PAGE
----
Adding it all up, you have a company with a huge cash infusion, a deal to become a larger, more diverse stand-alone company, and an improving oil market. That recipe is pretty much how we got to Baker Hughes' 40% gain last year.
Room to run in 2017?
After such a large run-up on share price, you have to question whether there is any more juice to squeeze out of Baker Hughes' stock. After all, the company has perpetually underperformed both Halliburton and Schlumberger on margins and returns for years.
Based on the investor presentations from General Electric and Baker Hughes, the company they are looking to create is like nothing we have seen in the oil and gas industry, and so it is hard to judge based on past experiences whether it will lead to the returns that they hope it will create.
The other thing to consider here is the stock's current valuation, which is also a tricky situation. At today's stock price, we're looking at a company that is trading at a price to tangible book value of 3.0 times. These numbers by themselves don't scream overvalued, but there is something else to consider: that proposed special dividend from General Electric.
Let's assume that the GE deal goes through and existing shareholders get that $17.50-per-share special dividend. That means 28% of today's stock price is in a one-time cash payment. If we were to back out that cash payment from the current stock price, then we're looking at a company trading at a reasonable 2.2 times tangible book value.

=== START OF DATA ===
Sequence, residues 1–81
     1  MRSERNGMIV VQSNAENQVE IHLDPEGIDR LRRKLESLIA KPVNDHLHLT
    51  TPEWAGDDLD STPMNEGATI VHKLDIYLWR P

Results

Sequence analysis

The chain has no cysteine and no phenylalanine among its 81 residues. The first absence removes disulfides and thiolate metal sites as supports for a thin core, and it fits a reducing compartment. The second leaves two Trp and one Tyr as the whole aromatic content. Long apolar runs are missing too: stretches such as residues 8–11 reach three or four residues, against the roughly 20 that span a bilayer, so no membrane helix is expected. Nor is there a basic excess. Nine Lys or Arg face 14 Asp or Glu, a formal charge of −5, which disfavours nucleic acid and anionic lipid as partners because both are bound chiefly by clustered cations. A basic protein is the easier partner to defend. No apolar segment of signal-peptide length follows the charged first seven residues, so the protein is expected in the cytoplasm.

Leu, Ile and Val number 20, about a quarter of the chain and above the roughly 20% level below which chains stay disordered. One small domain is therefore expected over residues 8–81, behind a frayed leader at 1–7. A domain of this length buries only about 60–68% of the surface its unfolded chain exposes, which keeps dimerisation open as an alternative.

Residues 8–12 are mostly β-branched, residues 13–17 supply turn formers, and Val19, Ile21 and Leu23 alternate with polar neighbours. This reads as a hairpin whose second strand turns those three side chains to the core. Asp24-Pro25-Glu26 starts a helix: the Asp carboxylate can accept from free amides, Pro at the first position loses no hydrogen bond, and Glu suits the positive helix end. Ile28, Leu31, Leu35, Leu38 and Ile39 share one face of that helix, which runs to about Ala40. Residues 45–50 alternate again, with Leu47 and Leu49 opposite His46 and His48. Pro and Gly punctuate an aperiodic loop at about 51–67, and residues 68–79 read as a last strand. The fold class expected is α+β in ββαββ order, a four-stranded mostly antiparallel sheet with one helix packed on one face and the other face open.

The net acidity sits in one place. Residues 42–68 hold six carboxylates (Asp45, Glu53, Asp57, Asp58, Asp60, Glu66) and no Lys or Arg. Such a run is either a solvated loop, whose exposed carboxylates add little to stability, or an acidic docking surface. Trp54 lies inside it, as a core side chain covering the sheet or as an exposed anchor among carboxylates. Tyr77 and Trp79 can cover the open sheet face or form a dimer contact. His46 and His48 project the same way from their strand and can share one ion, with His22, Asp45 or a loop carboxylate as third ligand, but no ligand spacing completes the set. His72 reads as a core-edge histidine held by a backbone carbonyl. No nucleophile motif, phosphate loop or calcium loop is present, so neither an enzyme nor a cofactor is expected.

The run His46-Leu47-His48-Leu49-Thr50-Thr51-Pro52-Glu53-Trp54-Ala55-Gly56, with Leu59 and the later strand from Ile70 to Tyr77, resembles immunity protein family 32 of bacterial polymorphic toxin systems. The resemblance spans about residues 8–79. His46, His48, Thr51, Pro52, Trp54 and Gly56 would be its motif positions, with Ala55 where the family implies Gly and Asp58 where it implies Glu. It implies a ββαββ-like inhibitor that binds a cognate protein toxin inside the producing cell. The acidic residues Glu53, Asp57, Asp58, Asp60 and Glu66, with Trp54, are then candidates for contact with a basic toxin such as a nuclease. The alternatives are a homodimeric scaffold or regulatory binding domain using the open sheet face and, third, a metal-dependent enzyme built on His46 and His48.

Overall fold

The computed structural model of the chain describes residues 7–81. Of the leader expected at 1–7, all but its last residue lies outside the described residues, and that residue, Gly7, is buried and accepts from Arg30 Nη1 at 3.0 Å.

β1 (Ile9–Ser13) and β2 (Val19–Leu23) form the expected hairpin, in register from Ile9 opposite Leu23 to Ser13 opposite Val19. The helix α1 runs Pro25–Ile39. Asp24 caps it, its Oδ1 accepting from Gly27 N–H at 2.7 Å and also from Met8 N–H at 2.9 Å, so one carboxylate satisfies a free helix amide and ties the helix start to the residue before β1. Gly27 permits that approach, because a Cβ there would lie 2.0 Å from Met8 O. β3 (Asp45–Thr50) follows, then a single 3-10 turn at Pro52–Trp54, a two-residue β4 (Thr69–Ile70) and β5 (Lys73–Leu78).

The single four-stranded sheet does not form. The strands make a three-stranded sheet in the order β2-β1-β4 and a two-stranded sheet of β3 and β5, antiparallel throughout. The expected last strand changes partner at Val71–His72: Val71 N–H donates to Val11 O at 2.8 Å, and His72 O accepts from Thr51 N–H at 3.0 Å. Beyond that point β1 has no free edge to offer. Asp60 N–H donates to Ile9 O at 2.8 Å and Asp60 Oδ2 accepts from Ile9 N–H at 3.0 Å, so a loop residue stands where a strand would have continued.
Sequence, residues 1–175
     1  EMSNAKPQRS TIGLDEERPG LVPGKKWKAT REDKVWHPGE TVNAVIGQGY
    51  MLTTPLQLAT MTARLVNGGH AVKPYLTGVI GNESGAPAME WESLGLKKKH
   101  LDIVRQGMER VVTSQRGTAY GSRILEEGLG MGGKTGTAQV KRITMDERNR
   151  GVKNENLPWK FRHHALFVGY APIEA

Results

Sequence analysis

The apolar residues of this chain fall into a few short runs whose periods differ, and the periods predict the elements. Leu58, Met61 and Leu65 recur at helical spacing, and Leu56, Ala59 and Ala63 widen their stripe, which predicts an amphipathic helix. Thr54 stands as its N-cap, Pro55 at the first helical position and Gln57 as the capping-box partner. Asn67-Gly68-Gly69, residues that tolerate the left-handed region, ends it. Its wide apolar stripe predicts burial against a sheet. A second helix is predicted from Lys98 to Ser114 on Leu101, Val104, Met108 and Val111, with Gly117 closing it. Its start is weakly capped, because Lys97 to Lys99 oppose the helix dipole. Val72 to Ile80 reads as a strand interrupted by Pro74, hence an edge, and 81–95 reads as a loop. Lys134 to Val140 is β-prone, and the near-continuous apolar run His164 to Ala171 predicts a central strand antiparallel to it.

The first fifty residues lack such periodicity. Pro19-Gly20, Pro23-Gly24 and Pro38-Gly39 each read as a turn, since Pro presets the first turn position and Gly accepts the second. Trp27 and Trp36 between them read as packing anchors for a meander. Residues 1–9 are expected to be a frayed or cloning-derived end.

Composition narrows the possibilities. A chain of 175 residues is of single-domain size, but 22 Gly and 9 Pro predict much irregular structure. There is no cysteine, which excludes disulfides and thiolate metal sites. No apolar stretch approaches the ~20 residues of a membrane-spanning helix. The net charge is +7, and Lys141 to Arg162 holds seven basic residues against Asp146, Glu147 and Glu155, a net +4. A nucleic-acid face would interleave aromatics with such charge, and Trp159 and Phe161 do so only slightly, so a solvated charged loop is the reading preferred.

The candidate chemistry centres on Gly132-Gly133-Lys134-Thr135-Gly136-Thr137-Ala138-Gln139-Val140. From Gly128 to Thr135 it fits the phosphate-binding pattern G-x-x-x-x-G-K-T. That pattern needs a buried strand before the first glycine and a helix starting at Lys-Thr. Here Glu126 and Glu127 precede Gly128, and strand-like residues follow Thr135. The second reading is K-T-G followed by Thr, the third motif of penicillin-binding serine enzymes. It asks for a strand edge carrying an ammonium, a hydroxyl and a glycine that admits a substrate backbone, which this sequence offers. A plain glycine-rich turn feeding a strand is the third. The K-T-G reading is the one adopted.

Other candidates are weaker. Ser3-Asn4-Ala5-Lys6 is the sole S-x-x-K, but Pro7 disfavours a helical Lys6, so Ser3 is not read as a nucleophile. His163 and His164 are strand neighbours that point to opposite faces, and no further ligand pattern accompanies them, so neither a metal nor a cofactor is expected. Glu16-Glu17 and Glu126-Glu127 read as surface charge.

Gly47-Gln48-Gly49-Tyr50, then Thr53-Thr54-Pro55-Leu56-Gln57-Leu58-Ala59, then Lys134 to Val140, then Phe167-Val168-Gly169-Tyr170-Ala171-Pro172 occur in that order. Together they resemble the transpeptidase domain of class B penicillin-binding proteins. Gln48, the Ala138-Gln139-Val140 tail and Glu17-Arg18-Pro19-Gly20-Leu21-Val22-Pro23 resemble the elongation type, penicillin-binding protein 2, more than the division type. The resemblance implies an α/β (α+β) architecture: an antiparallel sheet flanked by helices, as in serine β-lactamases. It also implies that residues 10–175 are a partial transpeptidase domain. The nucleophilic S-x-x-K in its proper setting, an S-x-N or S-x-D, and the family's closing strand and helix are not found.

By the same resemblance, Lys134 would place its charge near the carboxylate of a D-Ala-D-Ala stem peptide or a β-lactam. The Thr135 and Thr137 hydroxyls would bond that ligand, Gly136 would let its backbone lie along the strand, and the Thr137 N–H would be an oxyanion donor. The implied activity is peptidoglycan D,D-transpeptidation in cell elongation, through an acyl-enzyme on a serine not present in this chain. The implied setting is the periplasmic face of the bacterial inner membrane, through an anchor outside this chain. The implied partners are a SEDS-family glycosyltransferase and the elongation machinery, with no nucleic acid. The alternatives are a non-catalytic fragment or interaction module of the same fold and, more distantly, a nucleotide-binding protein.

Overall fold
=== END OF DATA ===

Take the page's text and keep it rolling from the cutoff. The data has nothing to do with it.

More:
What a Fool believes
Buying shares of Baker Hughes today is a bit of a speculative move. First, there is the risk that this General Electric merger doesn't come to fruition for one reason or another. The chances of this deal succeeding are much better than the Halliburton one, but we have seen a lot of failed dealings lately. So we can't rule out the possibility of the deal collapsing.
The other risky thing is that we're talking about combining two disparate oil and gas businesses, which may not necessarily pan out as management expects. Projections about synergies and growth opportunities always look great on paper and in investor presentations, but actually executing on those plans is a whole other manner.
That being said, the things that General Electric and Baker Hughes are saying about this deal could make it a monumental change in the way the oil and gas services industry works. Integrating equipment and technology, contract services, and data analytics into a single package has the potential to drastically improve efficiency and economics for the industry and could make this combined company's offering a high-demand product.
If the deal goes through and the two can realize some of the things they are saying, then 2017 could be another banner year for Baker Hughes, and it may be just the start of something even bigger.
Tyler Crowe owns shares of General Electric. You can follow him at Fool.com or on Twitter @TylerCroweFool. The Motley Fool owns shares of General Electric and Halliburton. The Motley Fool has a disclosure policy.